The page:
Various documents emphasising the importance of sharing knowledge and capacity development related to marine plastic debris have been produced by the United Nations, the Association of Southeast Asian Nations (ASEAN), and others. One of them is the ASEAN+3 Marine Plastics Debris Cooperative Action Initiative, which states best use of existing institutions such as Economic Research Institute for ASEAN and East Asia (ERIA), for sharing knowledge and capacity development. The initiative was welcomed by the ASEAN+3 Summit (10 ASEAN Member States, China, Japan, and Republic of Korea) in November 2018. With support from the Government of Japan and others, ERIA established on 01 October 2019 the Regional Knowledge Centre for Marine Plastic Debris (RKC-MPD), an information clearinghouse on marine plastic debris in ASEAN+3 countries.Learn More
The Regional Knowledge Centre for Marine Plastic Debris (RKC-MPD) is a clearinghouse for information on marine plastic debris in ASEAN+3 countries. RKC-MPD facilitates networking among stakeholders, raises awareness, promotes innovative actions in each county, and facilitates national and regional cooperation to solve the marine plastic debris problem.Learn More
Marine Lives Matter: Plastic Bag Bans in Japan and Jakarta and Further Actions to Reduce Marine Plastics
by Michikazu Kojima, Ellen Putri Edita, Hendro Putra Johannes, Fusanori Iwasaki • 19 August 2020
Both Japan and Jakarta, Indonesia implemented new bans on single-use plastic shopping bags on July 1, 2020. However, enforcing these regulations is not been without challenges.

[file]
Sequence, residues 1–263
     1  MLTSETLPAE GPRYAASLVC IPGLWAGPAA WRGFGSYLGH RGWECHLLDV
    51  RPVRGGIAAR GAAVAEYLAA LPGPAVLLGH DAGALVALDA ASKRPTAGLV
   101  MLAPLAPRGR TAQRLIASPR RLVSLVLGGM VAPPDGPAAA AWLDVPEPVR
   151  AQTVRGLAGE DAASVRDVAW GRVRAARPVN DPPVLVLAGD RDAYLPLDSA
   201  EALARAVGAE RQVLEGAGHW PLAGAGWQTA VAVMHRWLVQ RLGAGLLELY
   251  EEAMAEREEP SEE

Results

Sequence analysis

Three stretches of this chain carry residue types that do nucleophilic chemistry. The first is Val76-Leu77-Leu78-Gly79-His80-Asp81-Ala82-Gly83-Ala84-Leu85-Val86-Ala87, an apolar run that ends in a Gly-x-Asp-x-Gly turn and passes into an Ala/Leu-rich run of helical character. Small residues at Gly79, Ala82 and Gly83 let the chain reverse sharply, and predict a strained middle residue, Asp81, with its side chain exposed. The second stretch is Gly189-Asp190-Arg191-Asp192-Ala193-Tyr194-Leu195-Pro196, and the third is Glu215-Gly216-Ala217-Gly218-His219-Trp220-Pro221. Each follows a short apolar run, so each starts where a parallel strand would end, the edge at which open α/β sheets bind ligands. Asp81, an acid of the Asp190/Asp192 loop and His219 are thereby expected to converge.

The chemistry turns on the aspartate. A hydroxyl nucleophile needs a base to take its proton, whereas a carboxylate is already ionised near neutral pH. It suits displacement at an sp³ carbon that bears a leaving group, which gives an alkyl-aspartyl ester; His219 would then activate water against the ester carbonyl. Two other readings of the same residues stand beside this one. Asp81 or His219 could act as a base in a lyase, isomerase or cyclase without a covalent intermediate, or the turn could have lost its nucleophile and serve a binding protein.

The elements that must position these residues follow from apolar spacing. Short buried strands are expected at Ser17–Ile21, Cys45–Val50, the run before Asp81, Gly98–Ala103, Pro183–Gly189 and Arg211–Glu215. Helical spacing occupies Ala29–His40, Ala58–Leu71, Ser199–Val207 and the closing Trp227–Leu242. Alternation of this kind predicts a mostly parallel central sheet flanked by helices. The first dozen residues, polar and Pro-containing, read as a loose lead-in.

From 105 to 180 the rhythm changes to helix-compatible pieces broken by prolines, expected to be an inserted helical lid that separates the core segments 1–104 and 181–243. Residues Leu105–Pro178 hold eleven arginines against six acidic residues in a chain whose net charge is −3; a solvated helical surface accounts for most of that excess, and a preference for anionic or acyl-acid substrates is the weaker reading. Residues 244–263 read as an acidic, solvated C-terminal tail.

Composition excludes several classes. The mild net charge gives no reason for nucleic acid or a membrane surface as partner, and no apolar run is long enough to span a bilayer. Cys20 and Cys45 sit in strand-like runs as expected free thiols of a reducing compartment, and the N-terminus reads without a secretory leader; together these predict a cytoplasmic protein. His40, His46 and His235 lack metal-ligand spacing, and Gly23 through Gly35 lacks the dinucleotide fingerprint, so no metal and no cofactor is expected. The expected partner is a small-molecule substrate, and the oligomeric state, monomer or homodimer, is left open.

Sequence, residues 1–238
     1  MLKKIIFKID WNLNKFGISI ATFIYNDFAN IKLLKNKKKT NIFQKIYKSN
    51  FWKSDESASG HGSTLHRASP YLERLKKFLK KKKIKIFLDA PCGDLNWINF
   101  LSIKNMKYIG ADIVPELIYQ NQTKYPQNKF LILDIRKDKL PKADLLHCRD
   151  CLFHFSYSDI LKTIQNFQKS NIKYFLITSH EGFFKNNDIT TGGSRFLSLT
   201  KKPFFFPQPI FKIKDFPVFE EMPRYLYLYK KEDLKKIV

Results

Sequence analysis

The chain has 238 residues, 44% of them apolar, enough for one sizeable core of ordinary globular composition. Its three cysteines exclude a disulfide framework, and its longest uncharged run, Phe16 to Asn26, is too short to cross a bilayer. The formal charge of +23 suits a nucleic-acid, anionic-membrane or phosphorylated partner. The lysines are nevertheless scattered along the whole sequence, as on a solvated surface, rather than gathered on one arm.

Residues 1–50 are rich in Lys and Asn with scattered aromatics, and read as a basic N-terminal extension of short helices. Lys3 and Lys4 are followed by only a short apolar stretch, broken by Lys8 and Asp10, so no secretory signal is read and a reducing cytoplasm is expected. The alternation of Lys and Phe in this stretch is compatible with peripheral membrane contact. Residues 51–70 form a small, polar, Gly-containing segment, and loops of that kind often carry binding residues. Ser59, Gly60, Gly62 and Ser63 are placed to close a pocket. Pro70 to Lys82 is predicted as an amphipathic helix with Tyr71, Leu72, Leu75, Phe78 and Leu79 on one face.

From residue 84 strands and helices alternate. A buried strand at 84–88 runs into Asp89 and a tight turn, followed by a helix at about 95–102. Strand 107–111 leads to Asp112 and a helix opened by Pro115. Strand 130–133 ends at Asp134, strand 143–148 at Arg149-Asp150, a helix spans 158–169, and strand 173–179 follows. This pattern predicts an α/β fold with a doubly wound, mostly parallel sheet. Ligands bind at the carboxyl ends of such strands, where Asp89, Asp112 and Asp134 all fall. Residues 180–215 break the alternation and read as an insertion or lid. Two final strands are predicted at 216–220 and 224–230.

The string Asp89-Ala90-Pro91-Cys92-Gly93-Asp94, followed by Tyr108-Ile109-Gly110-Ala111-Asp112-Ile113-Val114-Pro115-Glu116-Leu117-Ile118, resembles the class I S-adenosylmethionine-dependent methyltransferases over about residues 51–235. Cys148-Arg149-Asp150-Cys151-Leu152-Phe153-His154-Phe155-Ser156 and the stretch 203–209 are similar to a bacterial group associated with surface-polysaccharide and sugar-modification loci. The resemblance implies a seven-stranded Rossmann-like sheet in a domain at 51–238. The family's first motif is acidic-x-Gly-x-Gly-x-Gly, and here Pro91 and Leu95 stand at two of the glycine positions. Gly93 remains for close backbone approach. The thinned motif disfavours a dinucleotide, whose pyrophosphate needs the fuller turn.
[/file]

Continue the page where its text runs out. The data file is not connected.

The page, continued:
by Ellen Putri Edita and Hendro Putra Johannes • 13 July 2020
Economic Research Institute for ASEAN and East Asia (ERIA) and ASEAN Inter-Parliamentary Assembly (AIPA) has held an Online Joint Dialogue on Waste Management in the Context of COVID-19 Pandemic.
Solving the issue of marine litter requires the involvement and cooperation of ministries in charge of fishery, coastal and river management, land-based waste management, industries producing and using plastics, recycling industries, and others.
To prevent marine plastic litter, various policies, such as reducing the use of single-use plastics, preventing littering, expanding waste collection services, and recycling, have been applied in this region.
There is still a lack of reliable data and short of scientific knowledge on marine plastic debris. Although we should take some actions, based on the precautionary principle, we also need to enrich scientific knowledge in various fields.